The British historian E.P. Thompson has identified Blake as a political radical grounded within a specific historical period; scholars on the other side of the Atlantic such as Northrop Frye and Harold Bloom have focused on the apparently apolitical and ahistorical archetypes found within Blake’s writing; whilst the Californian academic Robert Essick has emphasised Blake’s command of Bakhtinian heteroglossia. Blake’s insistence upon a personal interpretation of the Bible may strike one as quintessentially Protestant, but it is equally possible to identify him as a dialectical thinker, or even, as we have seen, an atheist. Since the sixties, Blake’s writing, like that of Henry Thoreau, has been repeatedly appropriated by a popular antiestablishment sentiment which loathes modern society and champions the figure of the rebellious outsider, who declaratively creates art or celebrates nature in defiance of modernity. Despite Blake’s apparent sympathy with those oppressed by industrial society, his individualism, when converted into modern coinage, concurs with a certain variety of right-wing politics which glorifies the elite individual and marginalises social structures.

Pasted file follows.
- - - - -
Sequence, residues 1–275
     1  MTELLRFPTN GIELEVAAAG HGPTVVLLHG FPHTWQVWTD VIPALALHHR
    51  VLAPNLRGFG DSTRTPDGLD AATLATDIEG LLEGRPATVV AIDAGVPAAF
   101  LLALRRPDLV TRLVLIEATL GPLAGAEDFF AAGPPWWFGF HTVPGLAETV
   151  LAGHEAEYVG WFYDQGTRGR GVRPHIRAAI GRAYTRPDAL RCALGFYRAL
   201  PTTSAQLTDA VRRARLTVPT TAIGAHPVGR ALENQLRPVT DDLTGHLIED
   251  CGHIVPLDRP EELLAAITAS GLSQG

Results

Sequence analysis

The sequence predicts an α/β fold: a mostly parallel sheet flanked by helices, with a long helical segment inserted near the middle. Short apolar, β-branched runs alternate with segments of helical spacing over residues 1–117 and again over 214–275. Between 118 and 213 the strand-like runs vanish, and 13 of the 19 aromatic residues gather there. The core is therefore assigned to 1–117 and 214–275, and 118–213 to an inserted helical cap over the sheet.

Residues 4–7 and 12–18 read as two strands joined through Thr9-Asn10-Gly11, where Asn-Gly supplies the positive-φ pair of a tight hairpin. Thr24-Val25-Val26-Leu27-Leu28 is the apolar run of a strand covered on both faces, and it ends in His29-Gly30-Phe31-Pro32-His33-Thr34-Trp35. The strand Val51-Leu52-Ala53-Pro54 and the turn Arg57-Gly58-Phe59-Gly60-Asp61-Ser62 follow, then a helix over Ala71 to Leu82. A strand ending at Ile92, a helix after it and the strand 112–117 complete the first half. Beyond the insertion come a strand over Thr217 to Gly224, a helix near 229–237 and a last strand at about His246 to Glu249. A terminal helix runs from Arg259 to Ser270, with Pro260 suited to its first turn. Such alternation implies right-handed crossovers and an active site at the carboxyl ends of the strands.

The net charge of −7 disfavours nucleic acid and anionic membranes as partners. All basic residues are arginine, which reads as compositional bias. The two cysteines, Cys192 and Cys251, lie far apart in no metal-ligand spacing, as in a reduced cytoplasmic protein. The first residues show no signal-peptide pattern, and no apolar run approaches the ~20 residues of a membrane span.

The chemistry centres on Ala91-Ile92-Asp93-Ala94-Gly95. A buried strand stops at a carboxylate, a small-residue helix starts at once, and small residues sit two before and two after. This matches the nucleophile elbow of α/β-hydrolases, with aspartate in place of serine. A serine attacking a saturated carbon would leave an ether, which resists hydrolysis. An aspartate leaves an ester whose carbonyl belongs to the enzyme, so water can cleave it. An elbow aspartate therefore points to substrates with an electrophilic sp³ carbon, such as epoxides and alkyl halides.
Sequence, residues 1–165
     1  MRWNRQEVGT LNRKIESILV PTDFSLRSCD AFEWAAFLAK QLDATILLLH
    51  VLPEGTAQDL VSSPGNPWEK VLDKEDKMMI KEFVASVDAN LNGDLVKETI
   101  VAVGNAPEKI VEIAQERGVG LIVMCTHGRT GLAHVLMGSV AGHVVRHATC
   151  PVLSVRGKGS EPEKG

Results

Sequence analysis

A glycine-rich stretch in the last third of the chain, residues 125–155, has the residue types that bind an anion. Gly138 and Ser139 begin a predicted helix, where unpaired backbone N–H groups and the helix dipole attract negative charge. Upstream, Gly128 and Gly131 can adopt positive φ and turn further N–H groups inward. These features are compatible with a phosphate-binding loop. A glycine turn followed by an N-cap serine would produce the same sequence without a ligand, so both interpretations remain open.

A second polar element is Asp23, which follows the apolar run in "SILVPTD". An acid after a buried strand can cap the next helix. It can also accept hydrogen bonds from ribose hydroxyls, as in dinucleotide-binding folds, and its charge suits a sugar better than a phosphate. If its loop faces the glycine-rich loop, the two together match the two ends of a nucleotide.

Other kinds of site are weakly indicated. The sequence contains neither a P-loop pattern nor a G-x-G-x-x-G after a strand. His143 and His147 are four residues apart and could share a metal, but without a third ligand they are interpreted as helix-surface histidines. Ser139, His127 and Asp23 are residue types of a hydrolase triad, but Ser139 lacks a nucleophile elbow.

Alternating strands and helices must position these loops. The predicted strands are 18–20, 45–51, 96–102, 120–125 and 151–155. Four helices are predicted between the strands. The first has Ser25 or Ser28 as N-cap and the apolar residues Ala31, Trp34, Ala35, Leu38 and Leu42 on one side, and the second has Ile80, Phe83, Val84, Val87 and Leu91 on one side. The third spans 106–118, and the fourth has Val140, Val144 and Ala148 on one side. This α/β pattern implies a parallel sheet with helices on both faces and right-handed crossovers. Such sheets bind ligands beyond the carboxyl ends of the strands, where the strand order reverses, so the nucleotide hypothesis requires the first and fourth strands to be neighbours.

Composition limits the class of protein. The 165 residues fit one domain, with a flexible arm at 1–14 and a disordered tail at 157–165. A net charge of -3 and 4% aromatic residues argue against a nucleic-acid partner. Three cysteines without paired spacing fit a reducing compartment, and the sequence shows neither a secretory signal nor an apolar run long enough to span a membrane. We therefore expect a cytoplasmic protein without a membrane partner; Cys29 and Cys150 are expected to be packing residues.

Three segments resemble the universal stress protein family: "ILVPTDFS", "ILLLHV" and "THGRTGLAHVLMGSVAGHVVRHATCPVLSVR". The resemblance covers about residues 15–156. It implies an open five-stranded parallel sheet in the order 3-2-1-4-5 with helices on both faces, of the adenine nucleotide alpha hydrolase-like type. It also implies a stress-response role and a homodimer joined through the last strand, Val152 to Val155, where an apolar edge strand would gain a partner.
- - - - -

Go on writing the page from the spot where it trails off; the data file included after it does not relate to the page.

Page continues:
There may be something to the idea that Blake was Britain’s greatest artist, but he would have been a lot better had he abandoned his lifelong boycott of oils, presumably due to their associations with old-world aristocratic patronage. Blake’s preference for engraving may have expressed the ambition to replicate great art and distribute it to a wider public, but if Blake had any designs upon popular culture, the results were all rather hopeless. Blake’s reforms to the process of chemical engraving were judged by his peers to be pioneering and ingenious, but the fruits of his industry typically bewildered the few people who encountered them. He produced many wondrous, arresting, and memorable images, but all of them seem to be successes despite rather than because of their mediums of watercolour or print.

Blake typically produced awkward arrangements of creepy and faintly repulsive figures, with slimy beards and dumpling sinews, and the theatrical postures and glassy eyes of dolls. Glad Day at first explodes with male nudity (the exhibited penis is in the very centre of the picture), but the subject was apparently Blake’s own brother and this figure ultimately exults in the insignificant, unerotic nakedness of animals or the elderly. He might as well have been wearing trousers.

The literary critic Paul Mann has observed that the “consensually validated revelation of Blake’s truth becomes a currency, a fluctuating exchange value in an economy whose survival depends not only on agreement but on disagreement, discord, dismissals, departures, the controversial destruction and reconstruction of each appearance of that truth… All writing about Blake serves to sustain the economy of writing about Blake.” Perhaps the silliness, ironies, and grotesqueness of Blake’s work may occasionally catch the eye of the eagle, but most of the scholarship inspired by Blake recalls the cawing of the crow.